Notice that he doesn’t have common verbal tics. He doesn’t use the word “like” or the phrase “you know.” He gets to the point. He speaks decisively. He speaks with knowledge. He is funny and clever, and quick on his feet. Above all else, he is authentic or seems to be.

Indeed, I would say that authenticity is Trump’s distinct contribution to public life. It’s not a small one. Over many decades, most politicians in the media age developed a media-savvy skill of having perfect talking points, mastery of detail, and a way of staying out of trouble by not falling into gaffes.

In 2016 and following, Trump blew up the whole system by not being over-prepared for debates, being sincere and authentic on stage, responding to the topic at hand, and speaking in ways (sometimes gritty and sometimes even rude) that compelled agreement. The combination creates the sense that he is not a phony but rather fearless.

In any case, his rhetorical skills, which seemed like no other politicians, is what carried him to get the nomination and the presidency. They will likely win it for him again.

I had supposed that every politician the world over would listen and learn, that he would change the way people spoke and engaged in politics, based on his very obvious and actually astounding successes. I had assumed that every aspirant to office would fire his or her team of coaches and handlers. Tragically that didn’t happen. Even now, Trump has a monopoly on these skills on a national and even international level (though Putin comes close).

Why did the politicians persist in being such phonies even after Trump? The answer must be that they are not up to the job. They simply lack the raw skill—one that AI cannot match—to do without coaches and advisors. They don’t sound like human beings, much less like people you meet in regular life who sound compelling.

As a result, they lose to Trump. It’s as simple as that.

If I had one piece of advice for any candidate for public office, it would be this: fire your communication handlers. Speak truthfully, insightfully, and from the head and heart.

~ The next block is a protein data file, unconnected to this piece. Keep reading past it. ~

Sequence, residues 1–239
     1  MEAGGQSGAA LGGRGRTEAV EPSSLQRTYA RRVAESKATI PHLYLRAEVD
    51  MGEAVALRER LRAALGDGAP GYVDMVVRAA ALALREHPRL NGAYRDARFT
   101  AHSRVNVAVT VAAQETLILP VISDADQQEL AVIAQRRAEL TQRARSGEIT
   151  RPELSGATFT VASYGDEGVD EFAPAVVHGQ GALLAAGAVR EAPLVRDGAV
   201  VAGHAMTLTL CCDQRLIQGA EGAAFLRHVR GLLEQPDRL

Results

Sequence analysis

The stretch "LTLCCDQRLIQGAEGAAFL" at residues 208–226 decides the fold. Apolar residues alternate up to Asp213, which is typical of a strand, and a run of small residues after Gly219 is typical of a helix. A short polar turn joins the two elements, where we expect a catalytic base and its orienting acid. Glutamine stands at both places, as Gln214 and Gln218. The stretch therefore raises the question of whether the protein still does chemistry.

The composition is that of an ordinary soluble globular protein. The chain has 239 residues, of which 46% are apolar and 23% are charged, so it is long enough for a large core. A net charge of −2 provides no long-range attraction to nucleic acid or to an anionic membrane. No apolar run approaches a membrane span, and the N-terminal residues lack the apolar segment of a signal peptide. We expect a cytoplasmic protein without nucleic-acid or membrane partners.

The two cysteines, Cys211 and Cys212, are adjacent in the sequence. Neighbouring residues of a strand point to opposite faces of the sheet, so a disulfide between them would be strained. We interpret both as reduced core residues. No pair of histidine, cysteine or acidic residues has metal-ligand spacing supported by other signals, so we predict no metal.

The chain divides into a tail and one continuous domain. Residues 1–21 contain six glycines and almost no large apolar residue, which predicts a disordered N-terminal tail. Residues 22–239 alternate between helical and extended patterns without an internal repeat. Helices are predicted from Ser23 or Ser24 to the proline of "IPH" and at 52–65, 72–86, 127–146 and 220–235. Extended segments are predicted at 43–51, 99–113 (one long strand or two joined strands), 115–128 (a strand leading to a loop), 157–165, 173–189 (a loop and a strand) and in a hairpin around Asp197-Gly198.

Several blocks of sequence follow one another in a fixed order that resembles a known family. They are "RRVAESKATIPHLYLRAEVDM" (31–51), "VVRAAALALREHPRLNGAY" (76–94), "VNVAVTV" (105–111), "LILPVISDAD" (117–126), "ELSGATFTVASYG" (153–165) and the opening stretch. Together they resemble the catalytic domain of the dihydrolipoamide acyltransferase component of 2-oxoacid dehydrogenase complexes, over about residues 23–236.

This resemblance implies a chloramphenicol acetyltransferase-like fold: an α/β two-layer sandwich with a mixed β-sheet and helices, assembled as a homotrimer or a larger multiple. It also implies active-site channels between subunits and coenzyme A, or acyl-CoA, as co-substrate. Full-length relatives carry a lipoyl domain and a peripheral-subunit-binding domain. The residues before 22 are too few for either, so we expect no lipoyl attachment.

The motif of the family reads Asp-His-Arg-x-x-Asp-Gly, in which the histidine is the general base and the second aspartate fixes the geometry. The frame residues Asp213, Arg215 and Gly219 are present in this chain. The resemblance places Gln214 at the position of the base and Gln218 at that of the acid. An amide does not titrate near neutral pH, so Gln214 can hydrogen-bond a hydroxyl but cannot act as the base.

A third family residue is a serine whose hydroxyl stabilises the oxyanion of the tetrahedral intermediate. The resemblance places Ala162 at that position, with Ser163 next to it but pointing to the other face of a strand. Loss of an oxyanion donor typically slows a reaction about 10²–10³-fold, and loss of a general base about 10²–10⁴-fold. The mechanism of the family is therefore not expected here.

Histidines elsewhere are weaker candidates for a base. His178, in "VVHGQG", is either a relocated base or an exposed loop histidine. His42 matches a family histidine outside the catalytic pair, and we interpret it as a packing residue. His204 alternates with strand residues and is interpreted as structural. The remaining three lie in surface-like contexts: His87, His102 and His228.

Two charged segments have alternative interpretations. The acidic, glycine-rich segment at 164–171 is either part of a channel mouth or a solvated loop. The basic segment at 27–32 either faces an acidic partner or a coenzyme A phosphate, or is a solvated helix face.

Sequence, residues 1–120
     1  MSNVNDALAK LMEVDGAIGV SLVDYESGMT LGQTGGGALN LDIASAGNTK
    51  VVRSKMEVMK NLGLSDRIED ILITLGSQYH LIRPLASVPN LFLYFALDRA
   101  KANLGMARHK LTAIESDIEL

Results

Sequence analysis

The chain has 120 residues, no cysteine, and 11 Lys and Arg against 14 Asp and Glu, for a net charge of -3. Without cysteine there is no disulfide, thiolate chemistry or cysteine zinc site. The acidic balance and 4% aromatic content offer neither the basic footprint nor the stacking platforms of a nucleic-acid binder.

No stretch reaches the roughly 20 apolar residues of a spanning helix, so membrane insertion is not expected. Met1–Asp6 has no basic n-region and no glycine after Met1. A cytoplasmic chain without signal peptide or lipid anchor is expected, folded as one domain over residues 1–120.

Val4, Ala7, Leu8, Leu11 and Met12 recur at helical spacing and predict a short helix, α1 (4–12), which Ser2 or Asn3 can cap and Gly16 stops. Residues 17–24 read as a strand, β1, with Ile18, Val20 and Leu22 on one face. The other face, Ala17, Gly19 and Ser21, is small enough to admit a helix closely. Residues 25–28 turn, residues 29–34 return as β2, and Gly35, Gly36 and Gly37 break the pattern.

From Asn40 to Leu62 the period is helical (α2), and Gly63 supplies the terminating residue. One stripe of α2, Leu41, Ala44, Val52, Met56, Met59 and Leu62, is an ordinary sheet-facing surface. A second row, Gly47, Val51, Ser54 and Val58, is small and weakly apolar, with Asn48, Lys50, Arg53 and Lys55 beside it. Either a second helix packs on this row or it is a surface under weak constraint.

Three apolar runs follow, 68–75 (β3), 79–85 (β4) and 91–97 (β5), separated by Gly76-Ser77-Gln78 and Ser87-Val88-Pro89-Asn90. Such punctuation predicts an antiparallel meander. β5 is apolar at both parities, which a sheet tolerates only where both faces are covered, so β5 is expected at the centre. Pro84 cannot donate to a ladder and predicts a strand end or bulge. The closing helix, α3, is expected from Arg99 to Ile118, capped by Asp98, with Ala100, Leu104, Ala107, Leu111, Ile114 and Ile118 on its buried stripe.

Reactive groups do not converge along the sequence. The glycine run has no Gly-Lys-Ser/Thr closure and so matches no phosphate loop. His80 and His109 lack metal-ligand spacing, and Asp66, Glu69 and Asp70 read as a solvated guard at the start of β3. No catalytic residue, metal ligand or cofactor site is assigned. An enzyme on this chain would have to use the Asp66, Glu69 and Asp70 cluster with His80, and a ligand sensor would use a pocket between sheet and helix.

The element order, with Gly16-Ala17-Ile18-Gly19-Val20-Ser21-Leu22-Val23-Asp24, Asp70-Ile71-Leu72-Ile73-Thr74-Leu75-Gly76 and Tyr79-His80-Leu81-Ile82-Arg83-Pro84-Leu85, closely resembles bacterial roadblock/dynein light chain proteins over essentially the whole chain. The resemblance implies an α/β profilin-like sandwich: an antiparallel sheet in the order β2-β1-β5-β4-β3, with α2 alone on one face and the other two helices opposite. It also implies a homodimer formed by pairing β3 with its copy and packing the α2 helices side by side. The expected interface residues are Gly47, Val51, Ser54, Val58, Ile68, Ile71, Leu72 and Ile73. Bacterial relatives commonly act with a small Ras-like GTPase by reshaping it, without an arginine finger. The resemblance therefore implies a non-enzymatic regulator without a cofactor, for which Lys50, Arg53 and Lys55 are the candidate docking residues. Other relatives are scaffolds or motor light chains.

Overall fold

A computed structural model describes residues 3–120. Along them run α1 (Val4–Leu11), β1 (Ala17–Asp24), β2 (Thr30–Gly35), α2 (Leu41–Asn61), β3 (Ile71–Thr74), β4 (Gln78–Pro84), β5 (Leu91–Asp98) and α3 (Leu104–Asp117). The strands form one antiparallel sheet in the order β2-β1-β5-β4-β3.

Trump is one of a kind. AI would never be able to create or recreate him. That’s one secret to his success.

At the same time, impersonating Trump is not the right strategy. It’s too transparent. You can find your own path, and it might end up very different, even better. What matters is gaining the crucial things that AI lacks: erudition, authenticity, believability, social insight, quick and accurate judgment, wisdom, thoughtfulness, and genuine intelligence.

Listen to Peter Thiel. He is likely correct on this point. Investing in your own personal human skills might be your best professional investment ever.


Pro-Palestinian Activists Remove ANU Encampment Amid Deadline

Pro-Palestinian activists at the Australian National University (ANU) have moved their gaza solidarity encampments after being given a midday deadline on May 28.

This encampment is one of more than 130 across the globe demanding universities divest from any companies linked to Israel amid the Middle East War.

The ANU pro-Palestinian activists are demanding that the university disclose financial ties to weapons manufacturers. They claim their degrees should not be “covered” in the blood of Gazans.

ANU Students for Palestine moved their Gaza solidarity encampment away from the Kambri Lawns to University Avenue after being asked to vacate the lawns on May 27 due to safety and security concerns.

The group also organised a rally on May 28 to exercise their right to peaceful protest and warn the university not to be complicit in an “unfolding genocide.”

This comes amid the Israel-Hamas war, which is currently heating up amid Israel striking Rafah and negotiations on hostages set to resume.

A spokesperson for ANU confirmed to The Epoch Times that students had until midday to vacate the encampment site as directed by police and have since moved. The lawn is a primary evacuation zone for emergencies, the university noted.

“ANU has provided options for the protestors to continue their protests in ways that are respectful and safe for the entire University community and campus. The university will continue to discuss these options with protestors,” a spokesperson said.